We Will Fashion Something New: QTPoC Resistance Against Traditional Understandings of Intimacy

Queer and trans people of color are a part of many communities that are intrinsically invested in resistance to the predominant social and political understandings of a society structured by binary norms. Our communities are those that are non-heteronormative, that break conventional understandings of gender and defy racial barriers. As everyday praxis, QTPoC create multifaceted social networks of sustainability and survivability. It is through these networks that intimacy presents itself. Basically, we are othered for living as our genuine selves, and this presents challenges to the dominative narrative of intimacy, but also allows us to imagine and create something new.

There are many aspects of our collective identities that innately challenge paradigms that make up social, political, and economic structures within society. Our interpersonal and cultural complexities give us the power to dismantle multiple structures of oppression at once. As the great Audre Lorde once said, “There is no such thing as a single-issue struggle because we do not live single issue lives.” Though Lorde spoke these words nearly 35 years ago, it is still impactful in today’s society.

Intimacy, as a mode of queer praxis, is often challenged by normative societal structures because systems of oppression do not grant space to consider alternate ways it can be performed. As it will be presented below, QTPoC are aware of how our actions are erased, invalidated, moved aside and disregarded because we experience this down to the smallest actions. While our white, cis, straight counterparts do not face the same microaggressions, they should examine the ways they uphold societal structures that alienate and regulate performances of intimacy within public and private spaces. We present challenging manifestations of intimacy in our chosen and recreated family, as well as, our platonic and romantic relationships.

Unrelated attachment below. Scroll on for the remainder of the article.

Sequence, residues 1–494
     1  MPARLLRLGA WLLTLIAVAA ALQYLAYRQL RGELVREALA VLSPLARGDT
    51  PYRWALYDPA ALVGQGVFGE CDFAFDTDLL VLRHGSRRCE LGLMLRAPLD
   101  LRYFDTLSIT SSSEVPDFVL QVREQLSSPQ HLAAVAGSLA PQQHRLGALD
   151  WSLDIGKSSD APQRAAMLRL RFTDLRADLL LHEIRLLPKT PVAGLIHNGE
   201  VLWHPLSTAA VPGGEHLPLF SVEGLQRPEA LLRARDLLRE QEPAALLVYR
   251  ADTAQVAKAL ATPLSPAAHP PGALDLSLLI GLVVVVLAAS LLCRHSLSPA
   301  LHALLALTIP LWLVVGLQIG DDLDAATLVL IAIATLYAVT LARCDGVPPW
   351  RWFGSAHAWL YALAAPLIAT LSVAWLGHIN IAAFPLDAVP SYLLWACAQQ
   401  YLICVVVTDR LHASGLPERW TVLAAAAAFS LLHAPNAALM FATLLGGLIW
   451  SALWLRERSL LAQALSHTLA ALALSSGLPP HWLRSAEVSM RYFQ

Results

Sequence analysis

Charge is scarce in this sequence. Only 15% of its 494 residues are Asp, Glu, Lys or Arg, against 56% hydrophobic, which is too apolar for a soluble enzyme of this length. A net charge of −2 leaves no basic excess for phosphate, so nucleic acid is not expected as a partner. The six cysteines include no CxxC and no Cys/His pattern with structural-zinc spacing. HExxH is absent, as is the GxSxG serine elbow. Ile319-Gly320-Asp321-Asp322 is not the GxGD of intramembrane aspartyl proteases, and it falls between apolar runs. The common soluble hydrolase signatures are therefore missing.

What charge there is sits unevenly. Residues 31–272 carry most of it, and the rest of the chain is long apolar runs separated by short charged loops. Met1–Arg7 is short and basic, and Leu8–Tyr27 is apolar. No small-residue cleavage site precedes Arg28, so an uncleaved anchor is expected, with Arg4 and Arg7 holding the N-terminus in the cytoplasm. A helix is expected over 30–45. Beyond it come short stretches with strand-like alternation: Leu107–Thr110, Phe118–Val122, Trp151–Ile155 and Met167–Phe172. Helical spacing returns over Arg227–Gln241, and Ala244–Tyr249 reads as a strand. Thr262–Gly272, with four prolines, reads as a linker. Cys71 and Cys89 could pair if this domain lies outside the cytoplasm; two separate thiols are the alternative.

Foundations of Intimacy

Intimacy can be easily defined as the proximity one has to another person, both physically and emotionally. QTPoC challenge intimacy not only in its definition, but also in practice. Some of the many ways that QTPoC challenge hegemonic definitions of intimacy are through the recreation of family, platonic relationships, and romantic relationships. Intimacy is challenged in these forms, because it is only acceptable within certain parameters that are not inclusive to the kinds of intimacy performed by QTPoC. These parameters are imposed by social structures that are usually unseen by folks who carry privilege. For instance, a small yet intimate gesture, like holding hands, is overlooked except when QTPoC are doing it. In a recent case, two gay men of color were violently attacked in Denver by partaking in such an innocent act (Vaglanos). QTPoC challenge traditional definitions of almost any practice and while doing specifically intimate acts in public unwillingly invoke the wrath of homophobic and/or transphobic people who do not wish for their understandings to be defied.